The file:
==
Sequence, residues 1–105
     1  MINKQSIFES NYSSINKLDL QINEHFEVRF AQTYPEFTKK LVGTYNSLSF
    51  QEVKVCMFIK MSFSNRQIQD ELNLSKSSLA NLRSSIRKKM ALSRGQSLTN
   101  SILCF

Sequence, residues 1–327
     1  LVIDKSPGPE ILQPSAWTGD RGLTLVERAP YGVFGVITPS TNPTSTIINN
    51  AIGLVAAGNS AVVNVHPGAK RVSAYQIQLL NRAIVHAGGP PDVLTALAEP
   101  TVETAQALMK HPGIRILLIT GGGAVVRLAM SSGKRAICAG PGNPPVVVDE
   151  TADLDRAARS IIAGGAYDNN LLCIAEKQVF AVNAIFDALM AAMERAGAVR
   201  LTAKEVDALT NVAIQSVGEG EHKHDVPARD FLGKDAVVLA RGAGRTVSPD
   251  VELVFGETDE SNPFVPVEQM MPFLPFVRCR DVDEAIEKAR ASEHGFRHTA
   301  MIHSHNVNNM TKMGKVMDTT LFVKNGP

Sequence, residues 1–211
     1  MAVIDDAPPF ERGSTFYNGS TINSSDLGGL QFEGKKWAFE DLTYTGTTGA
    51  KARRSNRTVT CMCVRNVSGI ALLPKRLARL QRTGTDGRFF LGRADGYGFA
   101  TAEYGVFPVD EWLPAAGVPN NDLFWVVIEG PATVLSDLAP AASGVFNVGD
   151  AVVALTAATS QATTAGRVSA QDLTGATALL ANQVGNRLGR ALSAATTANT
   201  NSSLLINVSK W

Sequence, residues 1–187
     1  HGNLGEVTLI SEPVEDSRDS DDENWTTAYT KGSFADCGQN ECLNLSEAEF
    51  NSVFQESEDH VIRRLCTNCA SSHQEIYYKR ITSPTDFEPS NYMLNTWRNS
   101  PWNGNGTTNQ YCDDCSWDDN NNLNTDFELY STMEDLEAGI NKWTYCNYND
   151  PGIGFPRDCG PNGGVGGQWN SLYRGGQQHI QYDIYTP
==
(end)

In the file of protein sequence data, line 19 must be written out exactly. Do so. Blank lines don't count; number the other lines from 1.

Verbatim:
Sequence, residues 1–187